Update On The Indian Monsoon By Madhav Khandekar

The following is an update that Madhav has sent us. For context, see the post

Guest Post “June 18, 2012 – A Commentary On 2012 Monsoon progress over India By Madhav Khandekar

” Are man-made factors behind erratic Monsoon? ( The Hindu, August 12 2012)

A recent article from the Hindu ( a well-read English daily in India) discusses if the erratic behaviour of this year’s monsoon is due to “man-made” factors (increased CO2, aerosols etc) and whether such factors may adversely impact monsoon behaviour in future. This year’s monsoon has been erratic in its progress since early june, but this is not unusual! Rarely ever, monsoon season progresses ‘smoothly’ with evenly distributed rainfall everywhere! This year’s monsoon was projected by most climate models to be a deficient monsoon and it now appears that this year’s monsoon will go down as another deficit monsoon like in 2009, 2004 and 2002.

However, this year’s monsoon has also produced some heavy rainfalls and extensive flooding! Early in June there was extensive flooding in the northeast, then in southeast and since the last three weeks, there have been heavy rains and localized flooding in parts of central India! In some locales rainfall amounts of 100mm or more per day have occurred in parts of central India. Also western and northwestern parts of India have received some decent rains in last ten days or so. The  monsoon report from the India Met Department for the week 8-15 August 2012  shows cumulative rainfall since June.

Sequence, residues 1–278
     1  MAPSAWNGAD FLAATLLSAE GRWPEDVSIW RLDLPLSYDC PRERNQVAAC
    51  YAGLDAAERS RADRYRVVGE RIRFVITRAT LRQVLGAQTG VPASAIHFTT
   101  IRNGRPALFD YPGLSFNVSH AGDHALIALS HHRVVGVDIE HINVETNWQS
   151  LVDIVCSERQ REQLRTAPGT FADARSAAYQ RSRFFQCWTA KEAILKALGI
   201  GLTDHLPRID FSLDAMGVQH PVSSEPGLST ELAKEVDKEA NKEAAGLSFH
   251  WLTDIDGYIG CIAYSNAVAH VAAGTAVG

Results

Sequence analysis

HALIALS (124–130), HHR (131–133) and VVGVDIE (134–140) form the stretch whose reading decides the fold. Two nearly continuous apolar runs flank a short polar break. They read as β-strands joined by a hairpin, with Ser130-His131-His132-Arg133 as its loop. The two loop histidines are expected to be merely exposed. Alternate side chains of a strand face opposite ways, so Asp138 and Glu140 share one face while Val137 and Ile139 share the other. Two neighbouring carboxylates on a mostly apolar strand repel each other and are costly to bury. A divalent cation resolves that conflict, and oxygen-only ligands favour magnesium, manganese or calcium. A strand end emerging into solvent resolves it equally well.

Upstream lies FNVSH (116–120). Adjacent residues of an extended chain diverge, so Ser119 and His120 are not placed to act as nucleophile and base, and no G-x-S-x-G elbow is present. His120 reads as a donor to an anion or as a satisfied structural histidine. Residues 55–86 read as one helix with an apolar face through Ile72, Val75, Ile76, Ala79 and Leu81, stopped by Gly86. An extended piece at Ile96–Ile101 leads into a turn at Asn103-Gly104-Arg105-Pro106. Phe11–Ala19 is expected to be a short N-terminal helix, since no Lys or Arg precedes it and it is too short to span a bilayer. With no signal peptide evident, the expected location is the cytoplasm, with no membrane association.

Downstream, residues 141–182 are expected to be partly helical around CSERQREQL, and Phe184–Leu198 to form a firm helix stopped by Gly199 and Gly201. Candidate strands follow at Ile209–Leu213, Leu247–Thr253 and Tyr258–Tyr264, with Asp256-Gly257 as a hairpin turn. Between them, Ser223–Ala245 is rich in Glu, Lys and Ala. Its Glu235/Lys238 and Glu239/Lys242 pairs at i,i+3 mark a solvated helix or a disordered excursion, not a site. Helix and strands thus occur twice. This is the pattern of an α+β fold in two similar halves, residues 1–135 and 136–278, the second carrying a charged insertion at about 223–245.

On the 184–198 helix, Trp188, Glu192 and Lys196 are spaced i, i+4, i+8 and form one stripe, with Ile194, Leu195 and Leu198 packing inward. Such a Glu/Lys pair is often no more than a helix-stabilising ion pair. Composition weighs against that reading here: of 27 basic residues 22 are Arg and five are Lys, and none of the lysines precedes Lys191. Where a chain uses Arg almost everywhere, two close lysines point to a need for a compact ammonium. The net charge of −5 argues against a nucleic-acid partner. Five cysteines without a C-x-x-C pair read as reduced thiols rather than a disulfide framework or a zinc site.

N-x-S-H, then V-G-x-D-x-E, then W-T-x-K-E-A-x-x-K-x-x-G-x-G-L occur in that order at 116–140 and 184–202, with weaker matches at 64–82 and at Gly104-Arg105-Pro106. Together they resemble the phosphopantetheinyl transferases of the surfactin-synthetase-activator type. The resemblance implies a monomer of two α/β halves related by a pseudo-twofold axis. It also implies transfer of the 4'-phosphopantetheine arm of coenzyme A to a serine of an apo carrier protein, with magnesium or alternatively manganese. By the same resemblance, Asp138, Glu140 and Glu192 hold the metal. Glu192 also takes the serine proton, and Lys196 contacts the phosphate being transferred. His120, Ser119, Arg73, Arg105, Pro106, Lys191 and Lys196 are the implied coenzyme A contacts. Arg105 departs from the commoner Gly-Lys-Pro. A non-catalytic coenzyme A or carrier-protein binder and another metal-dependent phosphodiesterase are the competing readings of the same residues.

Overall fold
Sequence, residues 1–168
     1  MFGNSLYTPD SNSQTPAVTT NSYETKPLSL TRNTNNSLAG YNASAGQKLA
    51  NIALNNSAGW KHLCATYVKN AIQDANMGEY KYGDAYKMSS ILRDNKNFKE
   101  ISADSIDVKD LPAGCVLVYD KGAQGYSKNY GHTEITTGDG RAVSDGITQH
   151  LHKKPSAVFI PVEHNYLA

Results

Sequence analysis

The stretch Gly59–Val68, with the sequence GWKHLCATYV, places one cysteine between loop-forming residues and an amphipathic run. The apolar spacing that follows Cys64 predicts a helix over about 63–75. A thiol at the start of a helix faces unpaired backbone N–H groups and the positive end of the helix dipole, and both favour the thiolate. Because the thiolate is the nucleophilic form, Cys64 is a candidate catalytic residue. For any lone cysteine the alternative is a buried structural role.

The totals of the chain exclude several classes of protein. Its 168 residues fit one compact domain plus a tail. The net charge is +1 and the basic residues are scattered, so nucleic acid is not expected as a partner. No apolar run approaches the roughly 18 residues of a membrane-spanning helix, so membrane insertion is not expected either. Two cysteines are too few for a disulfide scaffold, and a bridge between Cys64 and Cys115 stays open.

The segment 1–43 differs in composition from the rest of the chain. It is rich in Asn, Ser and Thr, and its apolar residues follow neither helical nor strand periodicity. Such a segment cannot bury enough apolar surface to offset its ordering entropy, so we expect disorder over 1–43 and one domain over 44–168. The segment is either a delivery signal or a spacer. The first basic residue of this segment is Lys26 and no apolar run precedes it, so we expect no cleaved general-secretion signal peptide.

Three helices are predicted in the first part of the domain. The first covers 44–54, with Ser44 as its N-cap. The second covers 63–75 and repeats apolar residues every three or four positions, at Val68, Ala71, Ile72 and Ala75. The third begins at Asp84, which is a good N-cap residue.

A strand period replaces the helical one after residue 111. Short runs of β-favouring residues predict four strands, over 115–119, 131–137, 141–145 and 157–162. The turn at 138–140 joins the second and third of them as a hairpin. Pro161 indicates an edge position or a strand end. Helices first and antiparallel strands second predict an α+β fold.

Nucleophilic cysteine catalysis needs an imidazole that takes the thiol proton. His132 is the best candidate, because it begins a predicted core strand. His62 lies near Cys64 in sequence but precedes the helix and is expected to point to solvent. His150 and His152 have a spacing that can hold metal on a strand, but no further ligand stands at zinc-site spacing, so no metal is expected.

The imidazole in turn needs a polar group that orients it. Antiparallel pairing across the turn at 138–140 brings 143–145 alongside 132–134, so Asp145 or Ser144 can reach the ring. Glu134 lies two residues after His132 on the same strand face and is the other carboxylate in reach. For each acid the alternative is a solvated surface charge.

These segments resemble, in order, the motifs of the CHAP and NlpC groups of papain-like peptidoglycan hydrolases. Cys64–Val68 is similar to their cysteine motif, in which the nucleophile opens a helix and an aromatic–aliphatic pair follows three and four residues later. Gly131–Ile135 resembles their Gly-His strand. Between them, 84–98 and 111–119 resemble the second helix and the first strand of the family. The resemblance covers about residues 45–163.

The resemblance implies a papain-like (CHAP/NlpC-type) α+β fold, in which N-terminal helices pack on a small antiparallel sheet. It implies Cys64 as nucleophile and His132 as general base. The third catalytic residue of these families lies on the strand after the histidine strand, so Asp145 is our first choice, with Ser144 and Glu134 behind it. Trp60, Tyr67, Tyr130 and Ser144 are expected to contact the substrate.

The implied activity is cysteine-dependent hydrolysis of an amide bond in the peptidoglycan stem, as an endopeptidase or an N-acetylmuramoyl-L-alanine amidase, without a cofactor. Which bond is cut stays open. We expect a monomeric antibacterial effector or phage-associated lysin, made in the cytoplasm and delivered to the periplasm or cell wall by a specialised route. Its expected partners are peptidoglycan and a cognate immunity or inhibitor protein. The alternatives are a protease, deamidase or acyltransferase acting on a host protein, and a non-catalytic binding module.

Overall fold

Yes, it is true that overall the large-scale monsoon circulation patterns have weakened in the last fifty years, contrary to most climate models’ projection of a ‘more vigorous’ monsoon in a warming world! Why has the large-scale monsoon weakened in the last fifty years is a ‘mystery’ and there is a definite need to investigate this aspect further. Are aerosols ( identified as ABC-Asian Brown Cloud) impacting monsoon adversely? Indian monsoon circulation patterns are primarily governed by large-scale atmosphere-ocean patterns ( the ENSO phase, the IOD-Indian Ocean Dipole in the equatorial Indian Ocean,  the equatorial stratospheric QBO- Quasi-Biennial Oscillation, the Eurasian winter snow accumulation, etc) and are NOT impacted by aerosols or the recent warming of the earth’s climate at this point in time.

Seasonal prediction of monsoon is still fraught with several uncertainties and most climate models have achieved only a limited success in simulating or predicting monsoon rainfall on a seasonal time-scale.  A simple operational model (see my ppt talk at Heartland Institute’s Conference in May 2012) can often provide a useful guidance for seasonal prediction of monsoon rainfall over India and vicinity.

Comments Off on Update On The Indian Monsoon By Madhav Khandekar

Filed under Climate Science Reporting

Comments are closed.